Somewhat consistent with @Aelthwyn's post, I think that, in general, both TPs and FPs have a greater personality-based leaning to be relativistic ("my truths" vs. "your truths" and "my values" vs. "your values") and that, conversely, both TJs and FJs have a greater tendency to want their truths/values to have a universal quality — nothwithstanding the fact that they may rationally understand (and concede), at least in some cases, that their truths/values may not be as universal as they wish they were.

The J/P table in Gifts Differing includes, on the J side, "Aim to be right." And I think the reason that differentiates a typical J from a typical P (to the extent that it does) isn't that P's "aim to be wrong"; nor is it that P's "don't care if they're wrong." I think the salient difference is that, on a lot of issues, a J is more inclined to think there is a right and wrong, so it's important to make the "right" choice, whereas a P (as I said) is somewhat more prone to be relativistic and feel like, "this is my (current) position, and if somebody disagrees, that's fine, and it doesn't necessarily mean either one of us is wrong."
 

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@reckful I agree

this comes up a lot in my friendship with an INTJ (and this is one of the reasons we think she is J not P) where she has a strong inner need or compulsion for there to be a single right answer to everything, and even though she knows that with things like taste in food or architectural style etc. is not really a right or wrong scenario, she finds it to some extent frustrating that it is and her knee-jerk reaction is to pronounce other people 'wrong' when they disagree with her even on these trivial things. Whereas, for me even on 'big' things that may have a great deal of importance I'm very inclined to 'agree to disagree' with someone and leave it at 'this is a complicated topic and I may not know everything and what you experience as true may differ from what I experience as true, and how can anyone really know anyways....?' Which grates on her something terrible, heh. It's like, when someone disagrees with her she neeeeeeeds to reach consensus by making them see her truth, or hearing all their rationalization and finding it compelling. While I tend to just think, hm that's an interesting perspective and I file it away, with no real bother about whether I agree or disagree, except perhaps on a few select subjects.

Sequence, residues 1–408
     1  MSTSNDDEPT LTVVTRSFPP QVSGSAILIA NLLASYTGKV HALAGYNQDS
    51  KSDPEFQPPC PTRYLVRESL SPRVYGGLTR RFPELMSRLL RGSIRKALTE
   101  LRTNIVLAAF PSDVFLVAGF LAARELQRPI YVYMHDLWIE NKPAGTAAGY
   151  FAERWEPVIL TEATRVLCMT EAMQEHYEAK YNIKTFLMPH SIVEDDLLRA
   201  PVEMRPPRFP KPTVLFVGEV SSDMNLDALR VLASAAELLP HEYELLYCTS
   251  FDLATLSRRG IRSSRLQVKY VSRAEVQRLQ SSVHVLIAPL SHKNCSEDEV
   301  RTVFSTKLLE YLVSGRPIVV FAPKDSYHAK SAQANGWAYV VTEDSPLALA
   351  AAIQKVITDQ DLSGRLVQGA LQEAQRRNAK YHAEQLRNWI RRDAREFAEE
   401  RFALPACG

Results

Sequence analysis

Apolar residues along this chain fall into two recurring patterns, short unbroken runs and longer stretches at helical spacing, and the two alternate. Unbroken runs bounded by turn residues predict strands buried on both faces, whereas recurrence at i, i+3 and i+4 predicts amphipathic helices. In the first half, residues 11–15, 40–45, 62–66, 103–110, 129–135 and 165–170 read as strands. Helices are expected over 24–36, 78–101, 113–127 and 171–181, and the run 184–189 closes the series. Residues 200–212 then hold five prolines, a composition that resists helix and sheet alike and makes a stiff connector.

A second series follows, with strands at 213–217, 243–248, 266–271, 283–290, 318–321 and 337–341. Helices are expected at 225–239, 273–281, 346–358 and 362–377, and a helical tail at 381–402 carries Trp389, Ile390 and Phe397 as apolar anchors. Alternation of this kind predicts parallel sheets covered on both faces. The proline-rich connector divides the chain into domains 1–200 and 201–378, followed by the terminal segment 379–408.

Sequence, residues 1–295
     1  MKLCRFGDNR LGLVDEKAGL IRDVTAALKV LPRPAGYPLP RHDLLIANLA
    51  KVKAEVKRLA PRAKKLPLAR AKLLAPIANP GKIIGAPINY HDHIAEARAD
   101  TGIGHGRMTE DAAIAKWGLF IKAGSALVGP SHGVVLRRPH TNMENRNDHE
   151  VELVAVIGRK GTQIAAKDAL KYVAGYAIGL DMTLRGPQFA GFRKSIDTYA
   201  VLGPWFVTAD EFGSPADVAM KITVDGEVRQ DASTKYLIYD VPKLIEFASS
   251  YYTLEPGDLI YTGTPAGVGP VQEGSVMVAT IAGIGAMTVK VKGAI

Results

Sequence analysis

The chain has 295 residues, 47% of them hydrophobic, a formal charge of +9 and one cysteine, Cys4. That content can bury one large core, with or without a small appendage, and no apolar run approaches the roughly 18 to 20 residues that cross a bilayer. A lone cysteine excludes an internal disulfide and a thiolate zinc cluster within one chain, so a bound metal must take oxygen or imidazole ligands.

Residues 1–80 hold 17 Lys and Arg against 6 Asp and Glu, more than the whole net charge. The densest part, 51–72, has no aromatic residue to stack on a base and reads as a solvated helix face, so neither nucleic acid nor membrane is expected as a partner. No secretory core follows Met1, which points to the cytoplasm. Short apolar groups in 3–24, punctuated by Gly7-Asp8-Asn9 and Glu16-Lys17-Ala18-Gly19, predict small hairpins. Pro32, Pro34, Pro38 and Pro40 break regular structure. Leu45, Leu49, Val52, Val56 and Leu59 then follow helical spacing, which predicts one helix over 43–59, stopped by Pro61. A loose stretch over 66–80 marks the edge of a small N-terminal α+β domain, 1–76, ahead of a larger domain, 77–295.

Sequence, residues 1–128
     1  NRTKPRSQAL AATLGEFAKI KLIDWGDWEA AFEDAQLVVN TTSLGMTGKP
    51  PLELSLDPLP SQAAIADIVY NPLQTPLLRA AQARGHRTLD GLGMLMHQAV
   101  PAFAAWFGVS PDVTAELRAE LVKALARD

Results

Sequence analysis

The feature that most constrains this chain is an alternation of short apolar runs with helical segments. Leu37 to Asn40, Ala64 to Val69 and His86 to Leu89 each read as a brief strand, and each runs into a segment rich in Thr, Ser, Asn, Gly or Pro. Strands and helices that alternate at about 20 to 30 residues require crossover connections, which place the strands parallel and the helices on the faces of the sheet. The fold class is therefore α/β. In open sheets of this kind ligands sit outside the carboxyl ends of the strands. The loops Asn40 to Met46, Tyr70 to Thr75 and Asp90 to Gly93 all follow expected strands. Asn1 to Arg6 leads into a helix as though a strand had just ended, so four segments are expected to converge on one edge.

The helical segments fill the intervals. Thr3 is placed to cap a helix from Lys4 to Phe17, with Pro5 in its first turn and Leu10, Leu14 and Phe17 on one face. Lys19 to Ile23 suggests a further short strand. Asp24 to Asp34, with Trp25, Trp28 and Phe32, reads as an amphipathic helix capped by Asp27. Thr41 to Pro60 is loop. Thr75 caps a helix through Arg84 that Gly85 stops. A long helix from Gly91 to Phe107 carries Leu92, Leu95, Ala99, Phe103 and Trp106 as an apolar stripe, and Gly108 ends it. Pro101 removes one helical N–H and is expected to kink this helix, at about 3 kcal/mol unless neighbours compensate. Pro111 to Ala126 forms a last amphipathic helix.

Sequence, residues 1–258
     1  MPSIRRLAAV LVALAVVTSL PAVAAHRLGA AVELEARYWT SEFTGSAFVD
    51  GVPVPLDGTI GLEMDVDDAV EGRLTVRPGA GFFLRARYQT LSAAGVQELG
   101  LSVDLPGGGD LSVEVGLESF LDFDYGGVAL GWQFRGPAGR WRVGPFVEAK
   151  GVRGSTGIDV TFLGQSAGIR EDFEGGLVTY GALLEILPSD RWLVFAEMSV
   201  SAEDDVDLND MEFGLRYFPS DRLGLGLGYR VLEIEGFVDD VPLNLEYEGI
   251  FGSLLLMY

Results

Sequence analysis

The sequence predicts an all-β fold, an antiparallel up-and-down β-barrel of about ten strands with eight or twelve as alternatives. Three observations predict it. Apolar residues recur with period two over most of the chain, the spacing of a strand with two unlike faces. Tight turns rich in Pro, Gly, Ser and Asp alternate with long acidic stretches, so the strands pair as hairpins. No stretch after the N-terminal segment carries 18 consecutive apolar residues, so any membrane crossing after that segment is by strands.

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@reckful I agree

this comes up a lot in my friendship with an INTJ (and this is one of the reasons we think she is J not P) where she has a strong inner need or compulsion for there to be a single right answer to everything, and even though she knows that with things like taste in food or architectural style etc. is not really a right or wrong scenario, she finds it to some extent frustrating that it is and her knee-jerk reaction is to pronounce other people 'wrong' when they disagree with her even on these trivial things. Whereas, for me even on 'big' things that may have a great deal of importance I'm very inclined to 'agree to disagree' with someone and leave it at 'this is a complicated topic and I may not know everything and what you experience as true may differ from what I experience as true, and how can anyone really know anyways....?' Which grates on her something terrible, heh. It's like, when someone disagrees with her she neeeeeeeds to reach consensus by making them see her truth, or hearing all their rationalization and finding it compelling. While I tend to just think, hm that's an interesting perspective and I file it away, with no real bother about whether I agree or disagree, except perhaps on a few select subjects.